Does Medicare Work Anywhere
The short answer is No. Medicare coverage isnt equal anywhere you go. Some Medicare plans don’t provide for coverage beyond the state or county where you live and where the plan was purchased. That may be a concern for people who travel a lot or who live half the year in one place and half the year in another. You may fly south to winter in a warmer locale or travel north in the summer to escape extreme heat.
If you spend a good portion of the year somewhere other than your home state, you have some decisions to make about how you want your Medicare coverage to work and what youre willing to pay.
Original Medicare If You Live In More Than One Area
If you have Original Medicare, youll probably want supplemental coverage to help pay Original Medicares out-of-pocket costs, as Original Medicare on its own does not have a cap on out-of-pocket costs. More than eight out of ten Original Medicare beneficiaries have supplemental coverage, either from an employer-sponsored plan, Medicaid, or a Medigap plan.
Supplemental coverage from Medicaid includes Part D prescription drug coverage, and supplemental coverage from employers generally includes coverage for prescription drugs. But Medigap plans sold since 2006 do not include drug coverage. Medicare beneficiaries can purchase stand-alone Medicare Part D prescription coverage if they dont have creditable prescription coverage from another source.
Your Original Medicare will cover you anywhere in the nation. Youll just need to make sure that the doctors and hospital you select in your secondary location are participating providers with Medicare.
If youre going to buy a Medigap plan, youll select from among the plans available for purchase in your primary location. A Medigap plan will provide supplemental coverage anywhere in the country, as long as the doctors and hospital you visit accept Medicare.
If you have your supplemental coverage via Medicaid or an employer-sponsored plan, youll want to check with the plan for specifics about how your coverage will work when youre traveling or at your second home.
Can You Buy Health Insurance Across State Lines
Are you allowed to purchase health insurance across state lines? Well, no. Under current guidelines, you are only allowed to purchase health insurance in the state you reside in. Even if you moved from one state to another, youd be obligated to discard your old insurance and purchase the new states plan.
All of this is a result of states having the authority to regulate health insurance policies without federal intervention, which partly changed after the passing of the Affordable Care Act.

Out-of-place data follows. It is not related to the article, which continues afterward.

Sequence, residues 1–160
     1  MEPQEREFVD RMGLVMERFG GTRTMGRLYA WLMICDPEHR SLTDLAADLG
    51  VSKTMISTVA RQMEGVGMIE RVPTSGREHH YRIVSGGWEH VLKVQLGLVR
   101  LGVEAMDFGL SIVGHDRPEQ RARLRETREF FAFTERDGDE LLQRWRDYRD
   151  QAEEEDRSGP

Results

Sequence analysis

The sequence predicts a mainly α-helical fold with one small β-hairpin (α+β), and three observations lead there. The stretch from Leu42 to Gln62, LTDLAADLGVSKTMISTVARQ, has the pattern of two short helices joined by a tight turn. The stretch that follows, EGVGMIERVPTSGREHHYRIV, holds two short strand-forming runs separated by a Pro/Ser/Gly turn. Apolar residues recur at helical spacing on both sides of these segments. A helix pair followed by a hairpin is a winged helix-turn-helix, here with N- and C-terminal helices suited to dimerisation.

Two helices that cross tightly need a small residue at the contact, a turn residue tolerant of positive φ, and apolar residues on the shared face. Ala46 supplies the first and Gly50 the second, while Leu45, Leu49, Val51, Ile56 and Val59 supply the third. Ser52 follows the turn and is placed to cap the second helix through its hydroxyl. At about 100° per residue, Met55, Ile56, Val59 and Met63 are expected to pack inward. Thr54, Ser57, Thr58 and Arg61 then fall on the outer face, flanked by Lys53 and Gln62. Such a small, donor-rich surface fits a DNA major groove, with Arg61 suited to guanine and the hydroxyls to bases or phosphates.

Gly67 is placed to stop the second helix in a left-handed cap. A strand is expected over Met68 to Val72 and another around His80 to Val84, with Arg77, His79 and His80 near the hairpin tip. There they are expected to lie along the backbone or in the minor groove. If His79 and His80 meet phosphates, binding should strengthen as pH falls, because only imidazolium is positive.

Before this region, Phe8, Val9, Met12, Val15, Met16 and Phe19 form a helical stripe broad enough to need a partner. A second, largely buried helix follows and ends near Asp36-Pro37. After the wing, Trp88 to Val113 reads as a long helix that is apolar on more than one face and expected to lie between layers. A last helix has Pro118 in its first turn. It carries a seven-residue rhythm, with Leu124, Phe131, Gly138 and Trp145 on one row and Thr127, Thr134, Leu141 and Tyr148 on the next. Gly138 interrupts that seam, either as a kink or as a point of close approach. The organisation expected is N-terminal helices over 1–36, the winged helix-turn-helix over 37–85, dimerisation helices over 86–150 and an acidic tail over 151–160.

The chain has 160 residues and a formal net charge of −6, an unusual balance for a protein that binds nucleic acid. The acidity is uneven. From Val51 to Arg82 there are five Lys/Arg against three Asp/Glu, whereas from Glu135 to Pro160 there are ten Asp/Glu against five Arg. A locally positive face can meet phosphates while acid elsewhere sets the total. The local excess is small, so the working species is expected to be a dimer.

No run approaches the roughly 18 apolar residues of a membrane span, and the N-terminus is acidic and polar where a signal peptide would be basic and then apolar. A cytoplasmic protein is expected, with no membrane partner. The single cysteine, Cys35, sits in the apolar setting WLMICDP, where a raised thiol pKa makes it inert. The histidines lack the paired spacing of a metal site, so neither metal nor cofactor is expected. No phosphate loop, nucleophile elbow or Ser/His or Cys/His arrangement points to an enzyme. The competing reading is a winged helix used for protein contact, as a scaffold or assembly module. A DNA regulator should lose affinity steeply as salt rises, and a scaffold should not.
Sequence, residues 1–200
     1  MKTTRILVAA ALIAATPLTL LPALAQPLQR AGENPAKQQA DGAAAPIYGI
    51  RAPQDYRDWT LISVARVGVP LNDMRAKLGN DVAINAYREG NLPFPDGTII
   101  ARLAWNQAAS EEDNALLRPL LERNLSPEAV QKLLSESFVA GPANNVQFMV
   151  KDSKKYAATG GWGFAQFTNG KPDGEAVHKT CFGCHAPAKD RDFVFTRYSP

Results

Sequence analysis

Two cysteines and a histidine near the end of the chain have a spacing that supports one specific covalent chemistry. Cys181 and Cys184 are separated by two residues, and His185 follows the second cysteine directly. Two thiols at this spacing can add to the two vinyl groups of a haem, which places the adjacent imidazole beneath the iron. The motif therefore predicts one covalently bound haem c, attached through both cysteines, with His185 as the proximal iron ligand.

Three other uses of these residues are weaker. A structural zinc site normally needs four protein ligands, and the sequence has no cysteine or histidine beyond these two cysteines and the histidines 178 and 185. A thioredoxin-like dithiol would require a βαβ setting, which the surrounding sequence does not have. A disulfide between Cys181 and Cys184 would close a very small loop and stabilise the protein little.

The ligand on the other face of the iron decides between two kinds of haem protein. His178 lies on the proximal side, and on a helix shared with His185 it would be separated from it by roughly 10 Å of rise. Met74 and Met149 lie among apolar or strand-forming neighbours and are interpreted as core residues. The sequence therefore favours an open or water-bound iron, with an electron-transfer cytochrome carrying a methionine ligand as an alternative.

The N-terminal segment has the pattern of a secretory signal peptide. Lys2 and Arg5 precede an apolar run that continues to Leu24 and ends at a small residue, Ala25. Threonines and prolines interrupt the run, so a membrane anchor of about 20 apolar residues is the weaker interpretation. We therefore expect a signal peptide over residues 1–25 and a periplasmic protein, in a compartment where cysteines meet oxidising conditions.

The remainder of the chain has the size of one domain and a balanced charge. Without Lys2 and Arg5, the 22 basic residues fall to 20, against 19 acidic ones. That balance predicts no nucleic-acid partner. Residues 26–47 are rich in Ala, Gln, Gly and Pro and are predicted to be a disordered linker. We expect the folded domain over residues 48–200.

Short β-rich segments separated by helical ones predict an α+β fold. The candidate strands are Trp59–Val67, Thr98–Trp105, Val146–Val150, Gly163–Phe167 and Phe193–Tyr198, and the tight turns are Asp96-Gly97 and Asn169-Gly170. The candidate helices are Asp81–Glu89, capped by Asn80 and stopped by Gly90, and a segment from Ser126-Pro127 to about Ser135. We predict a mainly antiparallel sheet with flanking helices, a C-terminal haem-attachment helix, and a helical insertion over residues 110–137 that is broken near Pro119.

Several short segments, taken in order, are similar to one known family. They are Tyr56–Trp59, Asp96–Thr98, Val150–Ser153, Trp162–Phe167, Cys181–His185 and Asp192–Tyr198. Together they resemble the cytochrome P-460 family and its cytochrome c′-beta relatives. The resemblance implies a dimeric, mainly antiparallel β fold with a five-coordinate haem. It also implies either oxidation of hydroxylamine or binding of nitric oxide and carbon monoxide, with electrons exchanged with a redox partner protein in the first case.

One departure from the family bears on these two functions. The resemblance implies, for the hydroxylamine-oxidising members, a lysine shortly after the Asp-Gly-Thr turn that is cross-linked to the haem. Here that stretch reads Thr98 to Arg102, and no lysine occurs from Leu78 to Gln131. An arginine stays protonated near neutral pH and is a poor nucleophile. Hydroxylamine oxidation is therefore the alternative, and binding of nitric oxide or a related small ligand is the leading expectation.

Nevertheless, the Trump administration has supported the idea of permitting interstate health insurance purchase in order to create a competitive market. Although the idea has been suggested, no action has occurred to make this practice a reality. Given this uncertainty, what is the reason people want accessible interstate insurance purchases?
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How To Transfer Medicare Supplement To Another State
Medicare Supplement plan enrollees may be able to stay with their current plan if moving out of state. Medicare Supplement benefits are standardized nationwide. So, once you enroll in a plan, it can be used nationwide by any doctor who accepts Original Medicare.
The only step you would need to take is to change your address with your plans carrier. This could result in a change of premium depending on your new location. You may also be eligible for Guaranteed Issue Rights to enroll in a new plan if allowable by your new state. If this is the case, you can enroll in any Medicare Supplement plan without underwriting health questions.
Since Medicare is a federal program, coverage is the same across the United States. You wont qualify for a Special Enrollment Period if you have Original Medicare and a Medicare Supplement plan because these plans operate in all states the same way. But, you can always shop coverage in your new state, you just might go through underwriting when you apply for a new plan.
Keep in mind, Medicare Supplement rules vary by state.
Can I Choose My Healthcare Provider
With Original Medicare, a primary care provider is not required. You can healthcare provider who accepts Medicare.
With a Medicare Advantage plan, your choice of doctor depends on whether you select a health maintenance organization or preferred provider organization plan.